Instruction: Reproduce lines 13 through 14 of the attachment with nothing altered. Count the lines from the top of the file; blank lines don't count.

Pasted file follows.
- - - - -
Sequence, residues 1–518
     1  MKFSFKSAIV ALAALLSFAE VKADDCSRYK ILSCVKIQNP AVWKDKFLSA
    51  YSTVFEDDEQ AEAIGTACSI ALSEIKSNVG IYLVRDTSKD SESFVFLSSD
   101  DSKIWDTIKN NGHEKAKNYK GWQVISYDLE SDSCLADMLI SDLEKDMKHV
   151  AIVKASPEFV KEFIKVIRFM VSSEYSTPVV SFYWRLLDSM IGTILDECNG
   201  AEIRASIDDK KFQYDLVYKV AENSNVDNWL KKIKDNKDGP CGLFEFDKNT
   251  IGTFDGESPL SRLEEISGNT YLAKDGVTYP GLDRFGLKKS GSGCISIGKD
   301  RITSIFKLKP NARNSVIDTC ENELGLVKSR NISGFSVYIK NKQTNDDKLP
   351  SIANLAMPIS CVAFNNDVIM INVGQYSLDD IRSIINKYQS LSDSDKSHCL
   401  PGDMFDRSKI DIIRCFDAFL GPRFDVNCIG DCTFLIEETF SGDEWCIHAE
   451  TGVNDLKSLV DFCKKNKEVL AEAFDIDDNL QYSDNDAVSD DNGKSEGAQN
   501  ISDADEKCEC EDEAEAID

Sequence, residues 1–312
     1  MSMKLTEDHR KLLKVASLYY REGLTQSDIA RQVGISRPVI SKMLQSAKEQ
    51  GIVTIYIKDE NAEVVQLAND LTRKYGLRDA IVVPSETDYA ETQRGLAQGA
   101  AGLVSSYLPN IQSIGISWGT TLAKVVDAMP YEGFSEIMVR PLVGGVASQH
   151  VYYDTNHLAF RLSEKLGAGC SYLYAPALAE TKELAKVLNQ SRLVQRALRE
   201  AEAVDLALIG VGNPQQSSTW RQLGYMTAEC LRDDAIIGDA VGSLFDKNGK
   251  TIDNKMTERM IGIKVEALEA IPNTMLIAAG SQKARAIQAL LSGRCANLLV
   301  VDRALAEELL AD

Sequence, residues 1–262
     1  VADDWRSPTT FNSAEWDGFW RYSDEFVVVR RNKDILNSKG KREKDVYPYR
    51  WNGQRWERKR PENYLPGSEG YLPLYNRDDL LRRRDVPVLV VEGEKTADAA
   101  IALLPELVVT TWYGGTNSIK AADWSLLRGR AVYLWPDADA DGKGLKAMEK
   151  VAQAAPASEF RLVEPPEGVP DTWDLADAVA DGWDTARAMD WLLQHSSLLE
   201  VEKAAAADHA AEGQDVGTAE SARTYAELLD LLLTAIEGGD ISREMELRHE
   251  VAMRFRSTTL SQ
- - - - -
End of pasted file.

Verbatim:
Sequence, residues 1–312
     1  MSMKLTEDHR KLLKVASLYY REGLTQSDIA RQVGISRPVI SKMLQSAKEQ